In fact, the prospect of appearing in court revived some of the old protective instincts. I hadn’t seen Steve in twelve years. I couldn’t say he deserved to be a lawyer, but I couldn’t say he definitively didn’t, either. (Since when did lawyers become the measure of purity anyway?) At stake for the lawyers was the sanctity of their guild. But for me, a larger question loomed: Agreeing that Steve could never practice law felt a little too close to agreeing that no one who had done something wrong—even monstrously wrong—in their youth could ever move beyond it. “I don’t wish him ill,” I’d written in my review of TheFabulist. “But I’m not convinced he’s changed all that much.” When the lawyer reminded me that the real Stephen Glass lived on the other coast, that he had professional aspirations, that he had friends who would stick up for him in court, that, in short, he was still making his way through time, it suddenly occurred to me: How could I possibly know if he’d changed or if he hadn’t?
Steve Glass now lives in Venice Beach with his longtime girlfriend, Julie Hilden, a dog, two cats, and a rotating cast of foster pets. (The couple are also vegans.) He works as director of special projects at Carpenter, Zuckerman, Rowley, a personal-injury law firm in Beverly Hills. For anyone who knew him back in the day, this is a comical juxtaposition. Steve is a Jewish boy from the posh Chicago suburb of Highland Park with pushy Jewish parents who insisted on the usual (doctor, lawyer). When they urged him to go to law school, they probably had Supreme Court appearances in mind, not, as the firm boasts, a $2.1 million settlement for a homeless man hit by a garbage truck. But Paul Zuckerman, the partner who hired Steve and has become his mentor, considers this development to be a sign of grace. “You were on track to be an asshole,” he told Steve when I was there. “The best thing that ever happened to you in your life is that you fell flat on your face.”
I’d e-mailed Steve this summer to see if he would talk to me. The New Republic was approaching its one-hundredth anniversary and the magazine wanted to revisit this dark chapter in its history. Other than publicizing his book, Steve hadn’t done any interviews since then, and certainly not with people from that era. But he readily agreed to talk to me, for reasons that became clear to me during the course of our conversations.
We decided to meet at a café near his office, and I ran into him on the street when we were both heading over. We said hello, reflexively hugged. I flashed back to the many times I’d run into him on the corner outside CF Folks, a lunch place near the old New Republic office in D.C. It was like encountering a cousin I hadn’t seen in some time. He had the same sandy curls and glasses, the same bouncy walk, and the pallor of someone who spends all day in an office. He still had the air of a nice boy who was about to theatrically help his grandma cross the street. Only something was a little different. He was more grounded? Or maybe masculine? For some reason it popped into my head that Steve had once wanted to write a story about how everyone thought he was gay but he wasn’t. He was floaty back then, undetermined, as if he could levitate in those white socks. But now he had lost that quality.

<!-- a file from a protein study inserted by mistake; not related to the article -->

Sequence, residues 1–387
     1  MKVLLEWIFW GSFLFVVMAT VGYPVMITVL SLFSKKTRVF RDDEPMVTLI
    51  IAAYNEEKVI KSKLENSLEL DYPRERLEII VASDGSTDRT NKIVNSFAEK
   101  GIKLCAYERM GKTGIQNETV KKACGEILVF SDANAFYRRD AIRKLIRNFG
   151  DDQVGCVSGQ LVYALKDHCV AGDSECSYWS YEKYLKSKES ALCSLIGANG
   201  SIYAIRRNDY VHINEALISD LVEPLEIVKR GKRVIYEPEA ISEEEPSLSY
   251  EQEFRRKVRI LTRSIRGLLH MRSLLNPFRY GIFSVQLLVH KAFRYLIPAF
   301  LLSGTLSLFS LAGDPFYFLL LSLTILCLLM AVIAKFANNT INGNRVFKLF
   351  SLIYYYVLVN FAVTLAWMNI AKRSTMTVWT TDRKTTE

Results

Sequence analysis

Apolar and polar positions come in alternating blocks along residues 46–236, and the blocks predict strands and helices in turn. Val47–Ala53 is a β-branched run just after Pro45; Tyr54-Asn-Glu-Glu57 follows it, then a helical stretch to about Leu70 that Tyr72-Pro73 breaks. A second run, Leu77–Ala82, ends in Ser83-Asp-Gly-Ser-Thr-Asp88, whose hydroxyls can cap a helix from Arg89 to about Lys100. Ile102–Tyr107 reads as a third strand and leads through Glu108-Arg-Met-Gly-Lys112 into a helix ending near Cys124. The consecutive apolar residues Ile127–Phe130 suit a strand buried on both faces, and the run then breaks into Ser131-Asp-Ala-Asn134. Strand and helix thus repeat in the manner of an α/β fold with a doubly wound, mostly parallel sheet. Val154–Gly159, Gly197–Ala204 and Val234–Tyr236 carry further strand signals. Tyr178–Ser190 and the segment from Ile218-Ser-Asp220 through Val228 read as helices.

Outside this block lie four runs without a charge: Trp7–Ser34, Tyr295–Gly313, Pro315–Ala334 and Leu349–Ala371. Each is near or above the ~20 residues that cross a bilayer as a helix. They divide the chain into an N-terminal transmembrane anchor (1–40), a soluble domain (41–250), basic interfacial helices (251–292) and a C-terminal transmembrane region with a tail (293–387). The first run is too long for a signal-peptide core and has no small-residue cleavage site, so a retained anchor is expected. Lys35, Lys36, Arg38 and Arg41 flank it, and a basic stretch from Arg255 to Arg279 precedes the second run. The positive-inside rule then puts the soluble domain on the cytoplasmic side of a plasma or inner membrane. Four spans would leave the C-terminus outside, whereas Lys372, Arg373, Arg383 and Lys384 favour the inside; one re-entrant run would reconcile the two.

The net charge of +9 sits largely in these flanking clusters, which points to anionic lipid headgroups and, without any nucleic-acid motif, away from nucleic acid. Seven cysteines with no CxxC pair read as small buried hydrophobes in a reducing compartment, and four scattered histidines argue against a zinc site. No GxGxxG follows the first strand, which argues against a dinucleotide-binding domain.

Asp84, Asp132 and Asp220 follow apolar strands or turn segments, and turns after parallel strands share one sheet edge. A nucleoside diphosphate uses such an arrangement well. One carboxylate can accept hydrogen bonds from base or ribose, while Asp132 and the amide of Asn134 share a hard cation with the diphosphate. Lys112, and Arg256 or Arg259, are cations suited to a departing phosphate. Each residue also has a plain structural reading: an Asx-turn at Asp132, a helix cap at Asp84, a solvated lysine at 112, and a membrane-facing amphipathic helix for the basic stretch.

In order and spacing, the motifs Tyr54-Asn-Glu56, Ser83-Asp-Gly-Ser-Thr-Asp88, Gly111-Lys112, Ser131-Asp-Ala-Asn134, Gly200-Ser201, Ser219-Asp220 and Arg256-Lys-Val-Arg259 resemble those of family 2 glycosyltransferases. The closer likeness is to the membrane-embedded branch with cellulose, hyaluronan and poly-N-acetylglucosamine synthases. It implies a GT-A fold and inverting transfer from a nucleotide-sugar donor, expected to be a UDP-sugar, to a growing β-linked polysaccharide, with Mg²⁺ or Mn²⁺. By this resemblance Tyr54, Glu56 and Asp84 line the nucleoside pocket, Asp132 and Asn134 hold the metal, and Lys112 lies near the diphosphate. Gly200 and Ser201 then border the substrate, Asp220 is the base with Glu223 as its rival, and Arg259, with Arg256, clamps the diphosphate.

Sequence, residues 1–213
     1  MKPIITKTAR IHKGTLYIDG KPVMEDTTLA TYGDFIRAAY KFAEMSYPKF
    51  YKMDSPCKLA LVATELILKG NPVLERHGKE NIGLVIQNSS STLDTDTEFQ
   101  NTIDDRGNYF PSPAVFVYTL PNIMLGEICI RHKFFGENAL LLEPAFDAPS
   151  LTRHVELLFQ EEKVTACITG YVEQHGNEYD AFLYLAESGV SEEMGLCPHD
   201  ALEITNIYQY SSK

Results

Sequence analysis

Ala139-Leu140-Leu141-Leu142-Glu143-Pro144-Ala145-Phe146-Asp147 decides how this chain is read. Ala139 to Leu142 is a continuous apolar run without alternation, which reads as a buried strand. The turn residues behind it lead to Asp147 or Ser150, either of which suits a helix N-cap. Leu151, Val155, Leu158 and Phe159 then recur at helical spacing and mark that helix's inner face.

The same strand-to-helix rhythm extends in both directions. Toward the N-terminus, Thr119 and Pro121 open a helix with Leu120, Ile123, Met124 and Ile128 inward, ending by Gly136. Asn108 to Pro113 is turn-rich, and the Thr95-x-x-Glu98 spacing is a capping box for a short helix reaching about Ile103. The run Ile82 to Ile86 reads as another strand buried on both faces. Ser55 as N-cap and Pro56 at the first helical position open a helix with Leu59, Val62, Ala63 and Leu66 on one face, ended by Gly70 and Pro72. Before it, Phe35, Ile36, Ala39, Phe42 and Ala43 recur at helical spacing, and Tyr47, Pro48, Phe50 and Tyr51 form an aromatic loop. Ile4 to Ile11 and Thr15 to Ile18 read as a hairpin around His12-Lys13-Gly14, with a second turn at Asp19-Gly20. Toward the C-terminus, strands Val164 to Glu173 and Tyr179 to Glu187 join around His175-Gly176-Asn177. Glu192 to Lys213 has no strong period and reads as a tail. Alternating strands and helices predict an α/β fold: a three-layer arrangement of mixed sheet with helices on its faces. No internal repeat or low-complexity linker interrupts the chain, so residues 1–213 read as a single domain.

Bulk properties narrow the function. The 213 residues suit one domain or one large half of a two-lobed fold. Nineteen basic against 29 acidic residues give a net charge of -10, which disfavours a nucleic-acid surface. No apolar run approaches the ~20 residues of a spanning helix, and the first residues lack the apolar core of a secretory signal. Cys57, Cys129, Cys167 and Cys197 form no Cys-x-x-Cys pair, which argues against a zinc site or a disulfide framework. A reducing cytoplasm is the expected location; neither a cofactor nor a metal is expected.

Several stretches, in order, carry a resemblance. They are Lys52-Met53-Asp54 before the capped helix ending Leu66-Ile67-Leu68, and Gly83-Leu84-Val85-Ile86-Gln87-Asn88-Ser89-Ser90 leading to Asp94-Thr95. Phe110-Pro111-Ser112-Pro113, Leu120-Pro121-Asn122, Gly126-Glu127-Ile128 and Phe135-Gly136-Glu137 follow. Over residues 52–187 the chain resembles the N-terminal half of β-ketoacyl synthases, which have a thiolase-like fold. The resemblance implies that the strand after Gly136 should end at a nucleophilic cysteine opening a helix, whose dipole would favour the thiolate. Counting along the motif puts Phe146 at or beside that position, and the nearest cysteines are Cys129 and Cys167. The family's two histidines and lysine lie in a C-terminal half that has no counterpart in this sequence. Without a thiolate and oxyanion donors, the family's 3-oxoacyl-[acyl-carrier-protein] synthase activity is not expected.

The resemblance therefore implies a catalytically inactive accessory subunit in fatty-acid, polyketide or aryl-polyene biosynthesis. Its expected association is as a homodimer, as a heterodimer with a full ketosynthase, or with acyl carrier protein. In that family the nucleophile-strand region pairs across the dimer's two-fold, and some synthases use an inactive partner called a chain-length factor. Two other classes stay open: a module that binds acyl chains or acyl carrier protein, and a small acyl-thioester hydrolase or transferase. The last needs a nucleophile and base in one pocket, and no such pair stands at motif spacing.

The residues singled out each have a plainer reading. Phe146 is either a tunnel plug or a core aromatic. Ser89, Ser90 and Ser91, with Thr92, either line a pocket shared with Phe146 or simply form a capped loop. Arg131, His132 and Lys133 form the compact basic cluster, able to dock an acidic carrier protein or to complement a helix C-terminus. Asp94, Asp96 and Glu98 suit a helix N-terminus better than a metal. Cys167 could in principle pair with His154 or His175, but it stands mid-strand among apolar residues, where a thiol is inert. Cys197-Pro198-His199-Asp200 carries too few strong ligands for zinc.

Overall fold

The first question he asked was whether I had any kids, which gave me a good idea of how far he’d strayed from his old world of journalist friends. (I have three, according to Wikipedia, and the many articles I’ve written mentioning them). I asked if he’d kept in touch with anyone from back then, and he said he hadn’t been able to. In the early days after the scandal, Steve told me, when he would see one of us on the street in D.C., he would become terrified, to the point of feeling “physically ill, like my stomach was falling out of me,” and turn and run in the other direction. He didn’t read any news about himself for a long time—it took him a year to read theVanity Fair story about the scandal—because it was “extremely painful,” he said. Eventually that meant he fell out of the habit of reading much news at all, outside The New York Times and legal papers for work. I realized that for Steve, we too were frozen in the Clinton era. “It’s not realistic,” he explained, “but after a period of time, I was still convinced my old world of friends were having conversations amongst themselves, … that you and Jon were still hanging out every day and I didn’t know what was going on. I didn’t get over the idea that it was one big club and I was no longer a part of it.”
On the plane to California, I’d imagined myself in the same role as the lawyer who’d asked me to appear at the bar hearing. I was going into intellectual combat, and I had to be well prepared. I dressed in an overly formal way, and I read Crime and Punishment on the plane to acquaint myself with the tricks of a guilty mind. I was wary of getting played again, and so I decided I would not spare Steve any question, no matter how uncomfortable. That phone call when he asked me to defend him to Chuck, for example. What was he thinking? “I was clearly putting you at risk to back up my lies,” he said, adding that he had asked multiple people to defend him. “What I did was horrible and then asking people to defend me was horrible.” His words were heavy but his tone stayed friendly. He was relaxed—in fact, much more so than I was. And his directness surprised me. He’d clearly thought through these answers, but they didn’t feel canned or rehearsed.